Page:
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Marriage Equality in California and How it Could Be Permanent

As a Californian for the first 18 years of my life I could not be more proud. Yesterday morning when the decision came out from the California Supreme Court, my mom and dad who still live there called me to say how happy they were about this landmark decision. It was pretty cute.

There are so many questions though surrounding the longevity of this decision considering there is a big possibility that anti-gay groups will have the signatures validated for a constitutional amendment defining marriage as between one man and one woman.

Here are a couple of tidbits I found out after researching the issue and how this court decision will play out.

  • Ruling goes into effect in 30 days, Governor Schwarzenegger who supports this court decision and opposes any constitutional ban, could take action and make the ruling effective sooner than that 30 day window.

  • Anti-gay groups could try to get a stay on this ruling until November, although I cannot see the court granting this motion seeing how bold their language in this ruling was.

  • If a constitutional amendment was to pass in November, it sounds as if the court could invalidate that as they have already ruled, that based on equal protection, same-sex couples have the fundamental right to marry.

  • In the decision it is mentioned that if there was an initiative passed by the electorate, that said marriage could only for for those couples of the opposite sex, that it would fly in the face of what the CA supreme court is now a constitutional right that is open to everyone. Therefore the constitutional ban, if passed could be invalidated and found unconstitutional.

  • A poll by Survey USA has found that 46% or Californian's agree with the decision, 46% oppose it.

  • The above number is a huge jump down from the 62% of Californian's who voted for Prop 22 in 2000 that made a statutory change in California law defining marriage between a man and a woman.

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  • By Blogger Queers United, at 5/16/08 11:01 AM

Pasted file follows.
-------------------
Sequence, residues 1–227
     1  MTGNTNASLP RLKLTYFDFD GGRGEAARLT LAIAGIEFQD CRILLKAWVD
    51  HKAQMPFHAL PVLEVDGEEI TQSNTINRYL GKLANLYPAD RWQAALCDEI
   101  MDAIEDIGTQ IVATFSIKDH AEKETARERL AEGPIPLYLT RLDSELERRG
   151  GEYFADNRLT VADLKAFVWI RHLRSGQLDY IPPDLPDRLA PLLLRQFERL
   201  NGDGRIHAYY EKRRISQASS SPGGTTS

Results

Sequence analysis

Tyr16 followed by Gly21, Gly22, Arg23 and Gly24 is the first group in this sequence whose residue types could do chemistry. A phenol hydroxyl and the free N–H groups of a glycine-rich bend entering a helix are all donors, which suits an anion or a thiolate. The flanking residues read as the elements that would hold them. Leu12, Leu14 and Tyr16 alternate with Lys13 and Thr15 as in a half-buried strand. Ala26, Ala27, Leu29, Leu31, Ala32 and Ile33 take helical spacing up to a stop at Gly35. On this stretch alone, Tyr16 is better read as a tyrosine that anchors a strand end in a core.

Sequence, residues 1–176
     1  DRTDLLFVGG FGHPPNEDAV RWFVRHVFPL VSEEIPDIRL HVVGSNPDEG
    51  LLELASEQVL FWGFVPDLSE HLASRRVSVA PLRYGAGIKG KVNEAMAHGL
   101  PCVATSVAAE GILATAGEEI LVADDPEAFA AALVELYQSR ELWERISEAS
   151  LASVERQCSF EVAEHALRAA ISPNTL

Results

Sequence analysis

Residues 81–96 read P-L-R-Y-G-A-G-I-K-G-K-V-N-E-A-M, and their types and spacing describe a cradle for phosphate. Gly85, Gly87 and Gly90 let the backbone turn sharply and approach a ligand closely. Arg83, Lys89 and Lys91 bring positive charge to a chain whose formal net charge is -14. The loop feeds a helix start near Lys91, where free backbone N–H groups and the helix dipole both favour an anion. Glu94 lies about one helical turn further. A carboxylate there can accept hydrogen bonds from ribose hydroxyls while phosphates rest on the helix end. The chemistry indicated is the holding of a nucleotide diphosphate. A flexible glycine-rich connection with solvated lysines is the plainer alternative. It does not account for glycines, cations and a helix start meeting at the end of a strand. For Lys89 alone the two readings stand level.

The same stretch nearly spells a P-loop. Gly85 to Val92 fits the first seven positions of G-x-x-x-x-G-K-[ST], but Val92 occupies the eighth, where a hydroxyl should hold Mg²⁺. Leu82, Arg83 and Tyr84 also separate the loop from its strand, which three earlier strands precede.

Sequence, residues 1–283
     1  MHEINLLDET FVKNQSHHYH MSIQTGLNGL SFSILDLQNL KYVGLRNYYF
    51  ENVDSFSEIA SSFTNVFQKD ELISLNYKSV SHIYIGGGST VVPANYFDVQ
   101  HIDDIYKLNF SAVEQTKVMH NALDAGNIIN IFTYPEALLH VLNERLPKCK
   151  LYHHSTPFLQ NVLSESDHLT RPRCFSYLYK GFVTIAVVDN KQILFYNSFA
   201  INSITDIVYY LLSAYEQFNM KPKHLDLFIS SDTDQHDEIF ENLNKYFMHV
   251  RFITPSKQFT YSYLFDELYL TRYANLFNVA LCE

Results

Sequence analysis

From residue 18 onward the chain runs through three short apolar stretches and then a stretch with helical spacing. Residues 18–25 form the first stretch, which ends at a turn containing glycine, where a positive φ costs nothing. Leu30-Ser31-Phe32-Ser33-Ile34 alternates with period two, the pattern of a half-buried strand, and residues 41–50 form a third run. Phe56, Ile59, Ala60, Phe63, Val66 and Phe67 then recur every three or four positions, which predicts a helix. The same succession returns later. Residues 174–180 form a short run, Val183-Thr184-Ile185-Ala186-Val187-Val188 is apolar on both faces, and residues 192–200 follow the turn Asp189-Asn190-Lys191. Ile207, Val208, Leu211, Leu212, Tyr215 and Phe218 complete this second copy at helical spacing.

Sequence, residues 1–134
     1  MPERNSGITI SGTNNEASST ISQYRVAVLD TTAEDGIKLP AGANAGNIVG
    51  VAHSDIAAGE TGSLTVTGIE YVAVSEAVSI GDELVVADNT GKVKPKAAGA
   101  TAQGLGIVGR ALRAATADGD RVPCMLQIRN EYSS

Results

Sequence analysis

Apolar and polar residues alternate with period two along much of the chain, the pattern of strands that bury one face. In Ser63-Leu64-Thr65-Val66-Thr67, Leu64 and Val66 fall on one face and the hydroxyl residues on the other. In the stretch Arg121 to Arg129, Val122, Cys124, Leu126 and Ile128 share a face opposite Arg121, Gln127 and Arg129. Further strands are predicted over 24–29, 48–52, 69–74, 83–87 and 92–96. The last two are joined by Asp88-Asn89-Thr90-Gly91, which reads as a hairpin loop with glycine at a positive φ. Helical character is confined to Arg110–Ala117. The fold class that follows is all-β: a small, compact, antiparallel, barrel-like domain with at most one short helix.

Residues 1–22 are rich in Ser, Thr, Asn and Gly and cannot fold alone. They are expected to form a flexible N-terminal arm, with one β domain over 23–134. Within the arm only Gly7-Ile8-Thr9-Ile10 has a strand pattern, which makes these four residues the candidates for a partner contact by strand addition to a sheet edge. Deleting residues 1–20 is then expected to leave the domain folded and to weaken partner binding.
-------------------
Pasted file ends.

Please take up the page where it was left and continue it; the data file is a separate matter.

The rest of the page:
im pleased to see the new polling shows that the issue is really 50/50 among voters it gives me hope if the amendment goes to the ballot

    http://www.queersunited.blogspot.com    



    By OpenID bridgeout, at 5/16/08 11:36 AM

    This is such exciting news! As a California native, kind of makes me wish I still lived there.
    Although I am still hoping that our DPs will stand firm here in Oregon ins spite of the IPs!    



    By Anonymous Anonymous, at 5/16/08 5:35 PM

    I actually saw something that put people for equality at 49% and the people who arent at 46% and unsure at 5%. The initiative will fail, I'm sure. Now what we really have to wait for is the same decision that the CA Supreme Court made at the federal Court, effectively overriding all the state consitutional bands and installing equality once and for all across the nation.    



    By Anonymous Anonymous, at 5/17/08 4:31 PM

    I agree it'd be harder for the anti-equality groups this time. Tens of thousands of same-sex couples would have gotten married by November and it'd be more difficult emotionally (just think of Ellen!) to take that right away from these couples, especially after they discovered that the sky didn't fall. I also like to think that people would treat amending the constitution more seriously than a statute. But it's going to be an expensive and nasty fight nevertheless.    



    By Blogger Andy, at 5/19/08 7:30 AM

    I think you're incorrect about the possibility of invalidating the constitutional amendment were it to pass. The court does not have the authority to change the consitution; the constitution is the document by which they derive their authority, and it is the yardstick by which the measure the rest of the law, but they have no power to amend it, and neither does the legislature. If the voters change the constitution, then the change is, by definition, "constitutional." If it were possible for courts to chuck out same-sex marriage bans in their constitutions, our legal landscape would look very different. Alas, if the ban passes in November, it will be part of the California constitution until the voters themselves repeal it.    



    By Blogger Bryan, at 5/19/08 10:36 AM

    Much of this info came from legal analysts in California. Honestly, I still think it is very unclear as to what or how the ruling would impact the proposed constitutional amendment in Nov.    



    By Blogger Andy, at 5/20/08 7:03 AM

    I think what's unclear is how the proposed amendment might affect marriages that are entered into legally in the six months before November. Just as you can't prosecute someone for breaking a law that wasn't passed until after they'd committed the act, it is highly unlikely that a fully legal marriage (as these will be, at least for a limited time) could be retroactively vacated. The language of the proposed amendment doesn't speak to that at all, so it would have to go back to the court for clarification. Just as the court found that Gavin Newsom's actions were illegal in the absence of a determination that Prop 22 was unconstitutional, they are likely to uphold the legal marriages. Especially since they went to the trouble of legalizing them in the first place. However, I do not think there is a question about whether the court could invalidate the amendment itself; if the amendment passes, it can only be repealed by the voters. I'm not one to counsel rushing into marriage, but Californians should MOVE on this and get legally hitched before November, just in case.    



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